How to drink smarter: juice, fruit and water

photo by ThinkStock via Tri County Health Dept

photo by ThinkStock via Tri County Health Dept

Are fruit drinks contributing to the obesity and related chronic disease epidemics? Because there are so many variations to compare, it is difficult to lump all fruit drinks into one category. There are to name a few:

  • 100% fruit juices,
  • fruit juice cocktails,
  • fruit flavored sugary drinks like soda or Kool-Aid,
  • expensive, trendy, chic whole fruit and vegetable blended smoothies.

There has been some contention surrounding childhood obesity and fruit juice consumption but when it comes to 100% fruit juice, experts like as those at the Academy of Nutrition and Dietetic and others say there is not enough evidence to support a connection between consumption and weight gain when juice is consumed in moderation. For sugar sweetened beverages (fruit flavored or otherwise) there is a clear correlation including a higher incidence of heart disease, obesity, and diabetes among those who consume them regularly

So how do the fruit drink variations stack up? Here are some nutritional comparisons between an 8 ounce cup of juice, fruit drinks, and soda:

  • 100% fruit and veggie juice (V8 Fusion) – 112 calories, 25 grams sugar,
  • Cranberry juice cocktail (Ocean Spray) – 110 calories, 28 grams sugar,
  • Fruit drink (Hi-C) – 107 calories, 30 grams sugar,
  • Fruit flavored soda – 137 calories, 33 grams sugar.

And a cup of fruit:

  • Raspberries – 64 calories, 5 grams sugar,
  • Grapes – 104 calories, 23 grams sugar.

Although 100% fruit juice can have just as many or more calories as sugar sweetened beverages, juices contain only naturally occurring sugars while the others contain added sugar, often high fructose corn syrup. Juices also have nutrients often absent in their sweetened counterparts like vitamin C (helps in wound healing and iron absorption), vitamin A (helps with vision and maintains a strong immune system), and potassium (maintains good heart and muscle function). In the juicing and pasteurization processes, often times minerals are concentrated and vitamins are destroyed then added back in. When comparing fruit vs juice, fresh fruit has a lower amount of calories and sugar, and a higher amount of fiber.

Orange Juice – 8 oz 1 Medium Orange
Calories 122 62
Sugar 21 g 12 g
Fiber 1 g 3 g
Vitamin C 84 mg 70 mg
Vitamin A 5 µg 14 µg
Potassium 443 mg 237 mg


Apple Juice – 8 oz 1 Medium Apple
Calories 114 72
Sugar 24 g 14 g
Fiber 0 g 3 g
Vitamin C 26 mg 6mg
Vitamin A 0 µg 4 µg
Potassium 250 mg 148 mg


Compare for yourself your favorite fruit with its juice counterpart at the USDA’s MyPlate SuperTracker.

The recommendations for juice differ from various authoritative bodies. According to the American Academy of Pediatrics, juice is not recommended for infants under 6 months, for children 1-6 years only about 4-6 ounces is appropriate, and for older kids and adults 8-12 ounces is enough. The 2010 Dietary Guidelines for Americans recommends 2 cups of fruit per day which can be substituted by up to 16 ounces of 100% fruit juice but recommends no more than 4-6 ounce for children aged 2-5, while advocating getting fruit equivalents from fresh fruit rather than juice. If you’re juicing at home, instead of discarding the fibrous material, put some of it back to your juice drink, bake it into breads or muffins, or add it to sauces.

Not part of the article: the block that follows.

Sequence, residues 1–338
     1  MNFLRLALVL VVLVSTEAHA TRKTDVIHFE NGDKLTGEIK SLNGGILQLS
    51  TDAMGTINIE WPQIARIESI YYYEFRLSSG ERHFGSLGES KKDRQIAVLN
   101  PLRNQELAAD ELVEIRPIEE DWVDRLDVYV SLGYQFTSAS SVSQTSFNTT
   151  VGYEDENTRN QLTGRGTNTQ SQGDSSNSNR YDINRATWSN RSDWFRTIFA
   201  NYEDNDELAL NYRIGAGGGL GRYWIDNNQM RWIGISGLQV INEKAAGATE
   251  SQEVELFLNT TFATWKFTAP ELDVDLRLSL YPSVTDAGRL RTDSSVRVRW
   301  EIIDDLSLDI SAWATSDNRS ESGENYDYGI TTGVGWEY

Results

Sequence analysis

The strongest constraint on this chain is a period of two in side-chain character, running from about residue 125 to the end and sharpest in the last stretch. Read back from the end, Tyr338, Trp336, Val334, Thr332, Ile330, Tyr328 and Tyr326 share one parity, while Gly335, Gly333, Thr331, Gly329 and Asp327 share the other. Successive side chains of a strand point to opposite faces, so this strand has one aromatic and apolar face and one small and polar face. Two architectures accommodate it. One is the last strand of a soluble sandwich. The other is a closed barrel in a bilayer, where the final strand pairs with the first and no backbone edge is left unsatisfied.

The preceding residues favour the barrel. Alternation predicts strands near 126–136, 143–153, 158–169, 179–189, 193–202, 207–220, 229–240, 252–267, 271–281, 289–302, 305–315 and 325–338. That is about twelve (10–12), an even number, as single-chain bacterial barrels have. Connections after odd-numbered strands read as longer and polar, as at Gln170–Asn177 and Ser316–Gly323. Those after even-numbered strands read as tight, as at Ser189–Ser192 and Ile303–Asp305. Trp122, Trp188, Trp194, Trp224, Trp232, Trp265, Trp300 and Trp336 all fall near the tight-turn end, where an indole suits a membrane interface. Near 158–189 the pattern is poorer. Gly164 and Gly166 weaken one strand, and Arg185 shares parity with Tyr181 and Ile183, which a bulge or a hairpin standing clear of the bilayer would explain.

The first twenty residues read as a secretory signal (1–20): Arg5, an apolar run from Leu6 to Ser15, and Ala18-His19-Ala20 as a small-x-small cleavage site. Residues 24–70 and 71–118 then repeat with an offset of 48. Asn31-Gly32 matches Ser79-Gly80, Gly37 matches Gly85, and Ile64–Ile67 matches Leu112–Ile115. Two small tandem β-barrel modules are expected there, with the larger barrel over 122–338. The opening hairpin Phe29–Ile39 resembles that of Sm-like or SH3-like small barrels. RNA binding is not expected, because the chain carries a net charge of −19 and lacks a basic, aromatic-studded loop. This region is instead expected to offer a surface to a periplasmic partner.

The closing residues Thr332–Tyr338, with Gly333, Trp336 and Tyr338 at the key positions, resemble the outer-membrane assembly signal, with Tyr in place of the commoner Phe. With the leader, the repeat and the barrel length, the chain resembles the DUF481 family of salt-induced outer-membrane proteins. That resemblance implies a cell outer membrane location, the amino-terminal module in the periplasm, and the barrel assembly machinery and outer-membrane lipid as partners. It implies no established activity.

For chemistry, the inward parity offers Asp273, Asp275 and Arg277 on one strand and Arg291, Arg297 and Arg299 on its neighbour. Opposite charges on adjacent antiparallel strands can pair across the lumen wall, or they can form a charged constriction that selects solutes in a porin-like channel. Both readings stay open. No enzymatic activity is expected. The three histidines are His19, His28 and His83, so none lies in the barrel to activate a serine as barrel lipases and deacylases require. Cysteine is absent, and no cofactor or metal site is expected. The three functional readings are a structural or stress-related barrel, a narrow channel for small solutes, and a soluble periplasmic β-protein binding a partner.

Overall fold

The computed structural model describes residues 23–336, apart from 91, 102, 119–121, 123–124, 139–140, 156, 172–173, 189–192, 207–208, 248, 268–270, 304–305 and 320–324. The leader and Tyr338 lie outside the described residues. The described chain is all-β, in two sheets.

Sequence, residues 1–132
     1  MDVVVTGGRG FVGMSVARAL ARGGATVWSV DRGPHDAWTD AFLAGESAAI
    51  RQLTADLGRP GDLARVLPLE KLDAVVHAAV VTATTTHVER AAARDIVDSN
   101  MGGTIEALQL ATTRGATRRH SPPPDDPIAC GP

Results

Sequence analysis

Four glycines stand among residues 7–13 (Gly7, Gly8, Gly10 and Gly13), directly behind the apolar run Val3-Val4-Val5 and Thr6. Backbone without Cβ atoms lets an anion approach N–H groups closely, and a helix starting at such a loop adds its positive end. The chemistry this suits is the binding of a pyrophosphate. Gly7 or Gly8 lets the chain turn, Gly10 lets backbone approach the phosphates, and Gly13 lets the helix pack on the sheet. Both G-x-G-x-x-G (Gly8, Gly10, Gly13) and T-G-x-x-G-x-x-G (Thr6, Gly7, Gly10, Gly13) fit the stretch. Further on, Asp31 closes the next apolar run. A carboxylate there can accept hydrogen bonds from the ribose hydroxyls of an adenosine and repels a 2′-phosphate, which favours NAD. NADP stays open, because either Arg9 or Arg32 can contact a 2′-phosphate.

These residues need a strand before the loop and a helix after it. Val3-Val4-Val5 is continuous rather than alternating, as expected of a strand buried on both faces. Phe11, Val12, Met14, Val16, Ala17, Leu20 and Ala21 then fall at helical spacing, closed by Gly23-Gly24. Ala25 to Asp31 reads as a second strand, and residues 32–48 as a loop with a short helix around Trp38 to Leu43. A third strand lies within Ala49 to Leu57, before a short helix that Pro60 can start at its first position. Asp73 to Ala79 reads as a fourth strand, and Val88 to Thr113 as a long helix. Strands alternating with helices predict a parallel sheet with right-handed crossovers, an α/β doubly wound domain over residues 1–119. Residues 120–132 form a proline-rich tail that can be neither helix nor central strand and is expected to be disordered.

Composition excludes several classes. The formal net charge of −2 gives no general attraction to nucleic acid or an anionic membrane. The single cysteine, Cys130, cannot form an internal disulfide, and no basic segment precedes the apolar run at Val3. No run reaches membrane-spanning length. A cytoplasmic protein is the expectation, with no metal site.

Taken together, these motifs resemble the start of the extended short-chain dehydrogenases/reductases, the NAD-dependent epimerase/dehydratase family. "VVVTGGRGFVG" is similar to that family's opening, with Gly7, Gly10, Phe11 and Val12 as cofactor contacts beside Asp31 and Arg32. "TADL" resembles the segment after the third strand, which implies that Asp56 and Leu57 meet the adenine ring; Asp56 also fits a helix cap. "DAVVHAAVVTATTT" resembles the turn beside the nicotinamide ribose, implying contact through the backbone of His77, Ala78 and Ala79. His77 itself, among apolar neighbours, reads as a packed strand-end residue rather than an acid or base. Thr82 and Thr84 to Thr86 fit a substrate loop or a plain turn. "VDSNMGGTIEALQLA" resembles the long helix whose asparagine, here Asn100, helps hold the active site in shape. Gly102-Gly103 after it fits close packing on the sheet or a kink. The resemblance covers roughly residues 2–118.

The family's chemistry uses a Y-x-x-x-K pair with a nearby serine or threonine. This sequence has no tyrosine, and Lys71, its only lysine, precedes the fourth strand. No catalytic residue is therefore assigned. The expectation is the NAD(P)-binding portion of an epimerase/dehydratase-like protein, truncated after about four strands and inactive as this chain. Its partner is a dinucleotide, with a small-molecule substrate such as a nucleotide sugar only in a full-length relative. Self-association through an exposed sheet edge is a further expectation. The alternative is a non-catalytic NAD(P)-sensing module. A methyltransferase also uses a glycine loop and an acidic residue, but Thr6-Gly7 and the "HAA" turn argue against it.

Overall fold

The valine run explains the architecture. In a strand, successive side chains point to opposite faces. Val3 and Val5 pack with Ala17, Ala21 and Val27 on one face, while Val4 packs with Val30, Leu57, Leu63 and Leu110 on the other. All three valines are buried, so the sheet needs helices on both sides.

Whole Fruit

Fruit already has a great, natural flavor and sweetness, to create a different piquancy add herbs like chopped basil or mint, spices like cinnamon, cloves, or chili powder, or just a pinch of salt. Max Folkowitz, a New York food blogger suggests black pepper with mango and toasted black sesame seeds with watermelon, check out his other creative suggestions here. Make your own popsicles or fruit ice cubes by blending fruit and herbs with a little water and then freezing. Don’t forget two cups of fruit equals your total amount of servings recommend per day (one cup is equivalent to a whole medium banana or peach). Try to buy fruits that are in season and locally grown to save money and for best taste. My favorite dish to bring to a potluck is a fresh fruit salad with apples, grapes, nectarines, Cutie oranges and chopped mint.


To increase your water consumption, jazz it up! Add your homemade fruit ice cubes, a small amount of 100% juice (keep your juice consumption around 8 ounces for the day), or fresh fruits, veggies, and herbs. A few easy recipes are ginger, mint, and lemon or cucumber, jalapeño, and lime. Let your ingredients soak in a pitcher of water over night for lots of flavor. You can reuse the fruit a second time but discard after to prevent any bacteria growth. Bring a large water bottle to work or school that has a straw and mark your bottle with cups and times to be consumed by on the bottle. Start your morning or end your day with a soothing cup of herbal tea or warm water and lemon. If you’re having trouble remembering to drink enough, you can also download free water tracking apps like Water Alert. Drinking enough water aids in digestion, helps maintain clear skin, replenishes your body’s fluid needs, and helps prevent headaches or muscle cramps due to dehydration.

Copyright: All content © 2010-2019 Nutrition Strategy Advisors LLC. Photographs © Donna P Feldman, unless otherwise attributed. Reproduction or use without permission is prohibited.